Strate's Big Data Analyst, Dr Merrill van Der Walt
Strate’s Big Data Scientist, Dr Merrill van Der Walt

History tends to repeat itself, if the age-old axiom is to be believed.


The true test of character, for an individual or an organisation, is whether they can harness the intelligence of these events from the past, and apply this intelligence to find opportunities in the challenges.


Today we talk to Strate’s Big Data Scientist, Dr Merrill van der Walt, who has the formidable task of evaluating historic trends to be able to better predict future reoccurrences.


After all, the data pool exists, but it takes human intervention to derive any form of insights out of it.





Q: Dr. van der Walt, what is Big Data?

Consider Big Data to be large, continuous and granular data sets that may be analysed computationally to reveal patterns, trends, and associations, especially relating to human behaviour and interactions, or in our case, how those behaviours or interactions impacts the financial services industry, and the market as a whole.


Q: What are the characteristics that define Big Data?

The three Vs

  1. Volume
  2. Velocity
  3. Variety


If you want to analyse a Big Data set, you can only really refer to it as a Big Data set if it has these characteristics. Interestingly, Big Data analyses allows for the consolidation of both structured and unstructured data sources. Including such a richness and diversity of data, brings about deeper levels of analytics.


Q: How do you gather data?

There is a range of analytical tools that can pull and process Big Data sets. The software we use has advanced analytical capabilities. It’s not a one size fits all approach – if you want to evaluate Big Data, you have to be as agile as Big Data.


Q: Once gathered, what do you do with the data? What is your objective?

Our goal is to build predictive financial models. Something that will warn us if it detects recurring behaviours that may potentially lead to market “crashes”. The more we experiment with the information, the more opportunities come to the fore. Having strong analysis means we can add more value to our industry partners.


Q: How do you account for human emotion when building predictive financial models?

The Financial Services industry has been built upon human emotion. Therein lies the charm of a robo-adviser, as it can give you unadulterated advice, devoid of emotion. Machine learning is a huge part of this, and it wouldn’t surprise me if we start seeing the rise of artificial intelligence designed specifically for the financial services industry.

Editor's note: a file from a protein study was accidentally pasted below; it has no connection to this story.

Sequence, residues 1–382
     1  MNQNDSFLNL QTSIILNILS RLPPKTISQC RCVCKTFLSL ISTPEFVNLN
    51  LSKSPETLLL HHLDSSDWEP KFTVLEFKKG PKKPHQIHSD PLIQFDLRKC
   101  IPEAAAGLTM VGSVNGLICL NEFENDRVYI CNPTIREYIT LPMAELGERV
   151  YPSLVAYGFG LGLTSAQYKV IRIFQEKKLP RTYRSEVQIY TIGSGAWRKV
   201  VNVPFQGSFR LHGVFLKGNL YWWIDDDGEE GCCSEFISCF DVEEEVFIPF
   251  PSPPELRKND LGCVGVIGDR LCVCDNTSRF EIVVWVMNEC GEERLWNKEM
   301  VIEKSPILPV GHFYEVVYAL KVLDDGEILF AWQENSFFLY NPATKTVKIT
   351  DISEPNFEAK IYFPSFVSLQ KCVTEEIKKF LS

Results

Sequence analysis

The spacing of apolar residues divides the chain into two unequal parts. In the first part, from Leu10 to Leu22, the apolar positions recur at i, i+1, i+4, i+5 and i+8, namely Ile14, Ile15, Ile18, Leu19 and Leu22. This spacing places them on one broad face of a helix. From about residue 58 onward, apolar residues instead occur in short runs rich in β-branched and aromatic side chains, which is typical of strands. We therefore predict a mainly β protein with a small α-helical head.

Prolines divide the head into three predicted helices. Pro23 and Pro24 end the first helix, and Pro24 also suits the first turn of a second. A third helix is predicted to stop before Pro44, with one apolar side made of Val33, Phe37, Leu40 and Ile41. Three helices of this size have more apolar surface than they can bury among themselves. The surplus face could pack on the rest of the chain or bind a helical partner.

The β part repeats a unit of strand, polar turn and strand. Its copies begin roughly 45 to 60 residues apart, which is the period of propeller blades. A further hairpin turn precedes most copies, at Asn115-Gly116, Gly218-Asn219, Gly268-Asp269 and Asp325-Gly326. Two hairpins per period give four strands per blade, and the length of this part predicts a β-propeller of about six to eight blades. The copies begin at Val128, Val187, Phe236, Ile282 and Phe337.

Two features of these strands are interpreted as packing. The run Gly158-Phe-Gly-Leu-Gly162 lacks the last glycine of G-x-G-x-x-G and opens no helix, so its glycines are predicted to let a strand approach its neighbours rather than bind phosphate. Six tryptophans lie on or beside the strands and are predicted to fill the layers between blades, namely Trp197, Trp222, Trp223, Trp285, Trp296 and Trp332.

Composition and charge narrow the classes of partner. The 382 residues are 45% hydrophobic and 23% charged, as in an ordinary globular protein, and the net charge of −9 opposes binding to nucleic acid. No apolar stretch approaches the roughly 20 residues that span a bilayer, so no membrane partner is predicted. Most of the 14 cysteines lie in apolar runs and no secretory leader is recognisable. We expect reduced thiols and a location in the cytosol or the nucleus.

Q: What are the short-, medium-, and long-term benefits of evaluating and interrogating this data?

Who wouldn’t want an accurate predictive financial model? Increased accuracy means good news for the industry, market, and consumer alike. Personally, I hope that this will provide some long-term stability, where current events don’t impact the market that dramatically. Well, dependent on the event, of course. Consider #Brexit – if the world had an accurate predictive financial model, we may not have seen losses as high as $2-trillion.


Q: What kind of data do you evaluate? What are your sources?

As I mentioned earlier, we have to focus on volume, variety and velocity. Which is why we focus on as many data sets as we can get our hands on. Firstly, our own book, evaluating the nigh on 300 000 trades we process every day for the last few years – that’s a great (and statistically rich) starting point. But we also have to consider unstructured data, because that’s where we’ll find the exciting intelligence, such as the nuances of language. For that purpose, we look at video and email, and maybe even social media data sets.


Q: Are you aware of any organisations that are incorporating Big Data Analytics into their operating models, for instance, to improve customer relations, or refining the supply chain?

I know of a few insurers abroad that are successfully using Big Data Analytics to offer customers personalised premiums. In our industry, however, the majority of organisations playing in the big data pool are in the middle of experimentation, and trying to figure out exactly what it is that they want to achieve with this intelligence. A few are doing it, without much ado, but my guess is that we will see more and more organisations entering the fray in the coming months and years.




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